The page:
Some people may think that there’s nothing they can do to prevent poor vision as they age but that’s not completely true. While your eyes may change to some extent, you can put a plan in place to keep them healthy. Generally, this plan includes maintaining a particular lifestyle and keeping in touch with your doctor but let’s look at a few details.
1. Get Your Eyes Checked Regularly
In many cases, the symptoms of eye conditions develop slowly over time. By seeing an eye doctor regularly, they can keep track of how your vision might be changing.
As you age you’re more prone to develop conditions like cataracts, glaucoma, age-related macular degeneration (AMD), and corneal disease but they can all be managed when detected early.
Doctors recommend having your eyes checked every 2 to 4 years if you’re between the ages of 40 and 54. From 55 to 64, you should go in every 1 to 3 years. By the age of 65, you should see your eye doctor annually.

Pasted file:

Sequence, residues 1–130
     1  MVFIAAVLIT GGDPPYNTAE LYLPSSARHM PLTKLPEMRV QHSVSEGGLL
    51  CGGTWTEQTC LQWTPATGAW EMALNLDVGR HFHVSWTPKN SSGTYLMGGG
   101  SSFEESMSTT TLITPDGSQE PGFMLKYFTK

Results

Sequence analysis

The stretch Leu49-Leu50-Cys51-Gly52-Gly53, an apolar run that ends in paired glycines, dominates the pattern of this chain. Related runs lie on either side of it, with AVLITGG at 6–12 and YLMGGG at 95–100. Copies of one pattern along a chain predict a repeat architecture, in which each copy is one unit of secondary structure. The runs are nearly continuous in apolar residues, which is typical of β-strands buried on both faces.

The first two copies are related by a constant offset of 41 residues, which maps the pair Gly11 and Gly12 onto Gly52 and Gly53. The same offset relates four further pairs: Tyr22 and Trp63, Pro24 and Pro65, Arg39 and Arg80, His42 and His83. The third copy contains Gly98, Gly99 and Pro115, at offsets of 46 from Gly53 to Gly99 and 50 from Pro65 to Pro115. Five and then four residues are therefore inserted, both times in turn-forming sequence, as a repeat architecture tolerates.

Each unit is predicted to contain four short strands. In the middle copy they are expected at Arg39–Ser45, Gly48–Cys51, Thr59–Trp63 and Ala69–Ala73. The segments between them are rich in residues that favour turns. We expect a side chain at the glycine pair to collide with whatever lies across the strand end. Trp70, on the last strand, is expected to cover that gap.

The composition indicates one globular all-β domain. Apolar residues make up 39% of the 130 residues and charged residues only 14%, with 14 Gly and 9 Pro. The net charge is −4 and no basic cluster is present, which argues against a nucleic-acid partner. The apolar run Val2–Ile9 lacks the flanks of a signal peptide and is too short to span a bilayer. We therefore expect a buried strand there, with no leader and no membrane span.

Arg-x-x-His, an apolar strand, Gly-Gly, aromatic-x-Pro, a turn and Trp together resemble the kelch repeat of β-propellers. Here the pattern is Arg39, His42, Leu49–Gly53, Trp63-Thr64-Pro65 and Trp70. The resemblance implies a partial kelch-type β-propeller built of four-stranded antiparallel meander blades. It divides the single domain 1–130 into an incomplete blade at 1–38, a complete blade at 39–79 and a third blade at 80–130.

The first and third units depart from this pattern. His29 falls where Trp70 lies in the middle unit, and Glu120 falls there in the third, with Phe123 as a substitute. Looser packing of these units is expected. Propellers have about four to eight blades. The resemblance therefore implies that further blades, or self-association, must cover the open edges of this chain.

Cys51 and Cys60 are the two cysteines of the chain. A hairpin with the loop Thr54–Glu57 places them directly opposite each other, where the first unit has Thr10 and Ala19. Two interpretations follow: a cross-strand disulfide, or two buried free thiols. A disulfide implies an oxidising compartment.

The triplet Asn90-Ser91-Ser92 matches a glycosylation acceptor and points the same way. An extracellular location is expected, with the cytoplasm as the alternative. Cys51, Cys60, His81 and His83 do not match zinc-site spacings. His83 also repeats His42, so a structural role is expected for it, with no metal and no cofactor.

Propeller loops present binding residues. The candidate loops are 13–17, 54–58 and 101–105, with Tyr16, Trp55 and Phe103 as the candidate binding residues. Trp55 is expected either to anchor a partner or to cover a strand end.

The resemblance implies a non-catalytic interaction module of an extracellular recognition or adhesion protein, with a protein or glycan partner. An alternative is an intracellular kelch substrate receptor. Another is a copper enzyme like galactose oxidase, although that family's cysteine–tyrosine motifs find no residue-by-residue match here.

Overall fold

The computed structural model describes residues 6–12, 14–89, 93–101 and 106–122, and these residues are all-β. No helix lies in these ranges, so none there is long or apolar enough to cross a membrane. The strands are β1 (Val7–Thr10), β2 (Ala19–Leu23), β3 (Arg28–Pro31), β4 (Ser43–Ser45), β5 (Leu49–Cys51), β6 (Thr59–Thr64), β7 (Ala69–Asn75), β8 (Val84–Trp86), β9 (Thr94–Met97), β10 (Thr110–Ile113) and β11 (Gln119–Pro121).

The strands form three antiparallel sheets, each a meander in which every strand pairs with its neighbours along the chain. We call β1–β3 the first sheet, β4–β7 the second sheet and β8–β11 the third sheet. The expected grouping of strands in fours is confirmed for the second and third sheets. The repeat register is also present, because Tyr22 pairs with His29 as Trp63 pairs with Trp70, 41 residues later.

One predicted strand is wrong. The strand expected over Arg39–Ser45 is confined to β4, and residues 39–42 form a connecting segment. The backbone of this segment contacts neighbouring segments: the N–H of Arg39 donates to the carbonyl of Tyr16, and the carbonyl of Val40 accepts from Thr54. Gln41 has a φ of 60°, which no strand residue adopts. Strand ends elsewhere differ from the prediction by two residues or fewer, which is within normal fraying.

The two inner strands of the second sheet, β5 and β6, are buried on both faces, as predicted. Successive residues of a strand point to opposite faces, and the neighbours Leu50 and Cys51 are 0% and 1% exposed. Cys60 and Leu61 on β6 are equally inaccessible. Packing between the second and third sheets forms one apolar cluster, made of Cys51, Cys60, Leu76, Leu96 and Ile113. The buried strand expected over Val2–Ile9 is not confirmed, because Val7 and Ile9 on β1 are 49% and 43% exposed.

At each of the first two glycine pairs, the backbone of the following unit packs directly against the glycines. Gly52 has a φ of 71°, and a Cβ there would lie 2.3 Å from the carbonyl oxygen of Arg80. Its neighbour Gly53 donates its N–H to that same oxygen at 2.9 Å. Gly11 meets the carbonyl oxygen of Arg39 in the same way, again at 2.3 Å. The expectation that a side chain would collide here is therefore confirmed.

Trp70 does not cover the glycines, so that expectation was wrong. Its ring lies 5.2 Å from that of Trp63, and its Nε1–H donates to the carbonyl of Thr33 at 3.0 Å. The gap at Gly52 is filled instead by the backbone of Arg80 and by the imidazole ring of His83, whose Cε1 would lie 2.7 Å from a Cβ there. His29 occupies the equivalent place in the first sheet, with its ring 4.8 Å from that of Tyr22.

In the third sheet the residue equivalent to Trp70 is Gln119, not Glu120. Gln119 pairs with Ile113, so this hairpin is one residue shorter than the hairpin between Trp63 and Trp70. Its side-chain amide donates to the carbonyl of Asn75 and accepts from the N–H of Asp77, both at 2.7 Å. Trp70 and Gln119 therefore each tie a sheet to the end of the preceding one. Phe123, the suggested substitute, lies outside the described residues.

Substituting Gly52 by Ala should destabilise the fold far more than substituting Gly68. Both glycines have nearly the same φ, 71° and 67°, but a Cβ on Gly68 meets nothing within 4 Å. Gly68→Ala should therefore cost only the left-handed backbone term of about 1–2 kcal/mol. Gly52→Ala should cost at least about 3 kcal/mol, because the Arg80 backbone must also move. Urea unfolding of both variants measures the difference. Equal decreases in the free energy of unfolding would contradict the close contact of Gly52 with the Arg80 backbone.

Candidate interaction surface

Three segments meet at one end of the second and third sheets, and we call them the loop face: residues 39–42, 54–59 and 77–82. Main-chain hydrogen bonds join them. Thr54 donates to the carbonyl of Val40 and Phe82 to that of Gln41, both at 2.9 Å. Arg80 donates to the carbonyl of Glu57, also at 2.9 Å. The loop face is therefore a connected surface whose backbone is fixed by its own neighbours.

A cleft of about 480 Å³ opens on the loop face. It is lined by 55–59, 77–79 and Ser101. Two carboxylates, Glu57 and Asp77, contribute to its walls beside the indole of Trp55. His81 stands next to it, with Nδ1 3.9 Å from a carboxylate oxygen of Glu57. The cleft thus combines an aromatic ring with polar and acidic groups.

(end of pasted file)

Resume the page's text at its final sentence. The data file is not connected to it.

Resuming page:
2. Manage Your Chronic Illnesses Well
Older adults have a higher chance of developing diabetes and high blood pressure as well. This is especially true for Blacks. If these diseases aren’t managed properly, they can adversely affect the eyes and sometimes cause permanent damage.
Diabetics can develop diabetic retinopathy, a condition in which high blood sugar levels affect the retina. When left untreated, it usually leads to blindness. Unchecked high blood pressure can damage the blood vessels that lead to the eye and cause blurry vision.
3. Eat A Healthy Diet
Studies show that having a diet that’s high in certain nutrients can do wonders for maintaining healthy vision. You should look out for foods that contain high levels of omega-3 fatty acids, zinc, lutein, and zeaxanthin, as well as Vitamins A, C, and E.
Some of the foods that you can include in your diet are salmon, oranges, kale, black-eyed peas, carrots, cantaloupes, sweet potatoes, spinach, kiwis, strawberries, papayas, red bell peppers, broccoli, and squash.
4. Get Regular Exercise
When it comes to your vision, the benefits of regular exercise are two-fold. Being physically active increases blood flow all around the body, which includes the eyes. Good blood flow to the eyes typically means improved vision overall. Exercising also helps you